- Volkswagen's ID.4, designed to compete with Tesla, won't arrive until 2021, the company told Automotive News.
- The SUV was originally supposed to launch in select US markets this year, with a 50-state rollout in 2021.
- Earlier this year, VW executives warned of an impending European emissions fine that could reach hundreds of millions of euros.
- Visit Business Insider's 合约数字币和虚拟币homepage for more stories.
The first Automotive News reported Friday, as the automaker grapples with a European emissions fine and the COVID-19 pandemic.
The SUV, a fully electric answer to Tesla's Model Y, was originally supposed to launch in California and other states that have incentivized zero-emissions vehicles this year, before a full rollout in 2021. By 2022, VW says it will have full-scale production underway at its Chattanooga, Tennessee plant.
Everything else remains on schedule, a VW spokesperson told Business Insider, confirming Auto News' scoop.
"We will still have a few hundred vehicles for customer events and drive programs early next year, with the 50-state retail launch starting in March, timed to the spring selling season," they said. "We want this launch to have the biggest impact possible with a steady cadence once ID.4 starts to arrive at dealerships."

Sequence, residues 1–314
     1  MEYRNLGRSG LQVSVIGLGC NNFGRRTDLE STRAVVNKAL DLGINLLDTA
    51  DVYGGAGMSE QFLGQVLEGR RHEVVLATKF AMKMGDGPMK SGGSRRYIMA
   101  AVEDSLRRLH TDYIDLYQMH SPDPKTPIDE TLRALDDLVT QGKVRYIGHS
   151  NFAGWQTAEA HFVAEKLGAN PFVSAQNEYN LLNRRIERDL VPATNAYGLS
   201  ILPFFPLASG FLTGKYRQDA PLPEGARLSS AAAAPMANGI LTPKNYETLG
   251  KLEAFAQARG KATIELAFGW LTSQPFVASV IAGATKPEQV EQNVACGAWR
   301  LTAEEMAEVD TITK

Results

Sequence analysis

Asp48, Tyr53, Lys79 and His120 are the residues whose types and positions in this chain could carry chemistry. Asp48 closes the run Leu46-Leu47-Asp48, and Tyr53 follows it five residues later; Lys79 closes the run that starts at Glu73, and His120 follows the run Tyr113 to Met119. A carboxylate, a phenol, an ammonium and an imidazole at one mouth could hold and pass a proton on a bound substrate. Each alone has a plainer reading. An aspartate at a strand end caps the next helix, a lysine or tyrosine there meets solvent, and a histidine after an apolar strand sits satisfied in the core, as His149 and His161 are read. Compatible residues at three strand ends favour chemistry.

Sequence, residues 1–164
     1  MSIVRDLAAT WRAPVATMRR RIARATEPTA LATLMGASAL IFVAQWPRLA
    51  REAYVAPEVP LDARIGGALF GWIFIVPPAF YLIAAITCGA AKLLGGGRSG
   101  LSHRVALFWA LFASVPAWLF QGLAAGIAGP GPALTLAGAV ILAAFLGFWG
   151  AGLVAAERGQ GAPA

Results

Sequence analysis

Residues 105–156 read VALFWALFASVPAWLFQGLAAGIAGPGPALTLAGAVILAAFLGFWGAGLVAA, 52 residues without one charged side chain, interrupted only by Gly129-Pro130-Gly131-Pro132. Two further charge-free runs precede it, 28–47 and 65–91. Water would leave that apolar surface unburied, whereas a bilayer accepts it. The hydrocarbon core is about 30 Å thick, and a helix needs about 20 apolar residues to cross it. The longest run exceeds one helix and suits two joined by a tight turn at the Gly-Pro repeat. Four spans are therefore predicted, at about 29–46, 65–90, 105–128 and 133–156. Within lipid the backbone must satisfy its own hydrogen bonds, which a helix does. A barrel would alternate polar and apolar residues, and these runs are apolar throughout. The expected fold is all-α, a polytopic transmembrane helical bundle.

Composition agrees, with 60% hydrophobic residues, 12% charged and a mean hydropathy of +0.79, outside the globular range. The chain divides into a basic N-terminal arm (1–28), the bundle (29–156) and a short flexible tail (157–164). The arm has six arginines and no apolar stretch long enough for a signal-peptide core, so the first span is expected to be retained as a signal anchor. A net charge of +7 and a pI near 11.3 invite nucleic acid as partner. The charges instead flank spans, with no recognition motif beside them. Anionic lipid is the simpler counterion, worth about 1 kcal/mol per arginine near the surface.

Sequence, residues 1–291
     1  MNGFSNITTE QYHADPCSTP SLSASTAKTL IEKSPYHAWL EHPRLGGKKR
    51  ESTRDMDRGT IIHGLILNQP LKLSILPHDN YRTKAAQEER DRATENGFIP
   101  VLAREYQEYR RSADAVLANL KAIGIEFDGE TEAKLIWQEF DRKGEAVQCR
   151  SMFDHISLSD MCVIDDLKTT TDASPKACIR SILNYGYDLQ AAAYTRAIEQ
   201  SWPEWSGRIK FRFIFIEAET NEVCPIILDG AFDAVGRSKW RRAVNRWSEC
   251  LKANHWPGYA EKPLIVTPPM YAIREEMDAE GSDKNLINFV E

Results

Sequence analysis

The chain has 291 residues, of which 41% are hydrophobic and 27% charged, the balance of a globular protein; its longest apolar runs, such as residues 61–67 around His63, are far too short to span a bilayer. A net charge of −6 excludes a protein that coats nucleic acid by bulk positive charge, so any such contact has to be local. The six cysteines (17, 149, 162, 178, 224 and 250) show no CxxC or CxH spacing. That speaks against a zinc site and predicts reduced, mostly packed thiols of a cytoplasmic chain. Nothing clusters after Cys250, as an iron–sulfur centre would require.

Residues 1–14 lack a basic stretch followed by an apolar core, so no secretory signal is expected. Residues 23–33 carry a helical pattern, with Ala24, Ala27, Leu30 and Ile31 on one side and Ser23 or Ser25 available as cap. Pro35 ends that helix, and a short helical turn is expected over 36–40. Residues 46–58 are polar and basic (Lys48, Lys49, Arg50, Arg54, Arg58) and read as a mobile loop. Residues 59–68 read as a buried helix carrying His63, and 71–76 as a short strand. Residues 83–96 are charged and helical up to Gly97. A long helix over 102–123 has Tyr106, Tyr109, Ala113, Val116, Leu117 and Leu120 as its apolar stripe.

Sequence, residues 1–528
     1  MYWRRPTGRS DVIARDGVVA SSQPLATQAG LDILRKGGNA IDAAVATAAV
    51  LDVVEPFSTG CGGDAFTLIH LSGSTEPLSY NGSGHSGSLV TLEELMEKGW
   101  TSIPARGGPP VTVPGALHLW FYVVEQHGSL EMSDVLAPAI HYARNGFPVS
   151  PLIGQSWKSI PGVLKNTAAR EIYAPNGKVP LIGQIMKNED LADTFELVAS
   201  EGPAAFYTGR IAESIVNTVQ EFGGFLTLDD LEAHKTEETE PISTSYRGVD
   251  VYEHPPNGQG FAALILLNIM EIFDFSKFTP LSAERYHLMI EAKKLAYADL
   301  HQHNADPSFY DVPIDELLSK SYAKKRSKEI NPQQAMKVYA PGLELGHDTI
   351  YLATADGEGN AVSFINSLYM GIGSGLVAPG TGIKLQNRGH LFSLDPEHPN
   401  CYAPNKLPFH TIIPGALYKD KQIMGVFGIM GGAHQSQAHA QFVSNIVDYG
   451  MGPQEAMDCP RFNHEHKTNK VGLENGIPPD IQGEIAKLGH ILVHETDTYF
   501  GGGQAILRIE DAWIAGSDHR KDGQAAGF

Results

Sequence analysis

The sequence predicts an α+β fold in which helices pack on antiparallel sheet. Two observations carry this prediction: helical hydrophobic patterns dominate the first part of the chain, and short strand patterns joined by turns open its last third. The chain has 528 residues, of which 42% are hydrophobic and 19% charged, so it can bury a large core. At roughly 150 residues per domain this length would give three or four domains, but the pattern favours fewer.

A representative did not immediately respond to a request for comment from Business Insider about the report.
In October, VW said it's expecting to be hit with a fine from the European Union for failing to hit carbon-reduction targets. While the timing or size of any penalties aren't clear, VW's finance chief said the company has set aside "a couple of hundred millions" from its balance sheet.
Read more about the Volkswagen ID.4:
- Volkswagen's Tesla competitor is finally here: Meet the ID.4, a cheaper alternative to the Model Y designed to sell against America's most popular cars
- The all-electric ID.4 SUV is leading VW's charge against Tesla — here's how it compares to the Model Y
- Volkswagen made 4 key moves to give the ID.4 EV a shot at outselling Tesla — and its gas-powered competition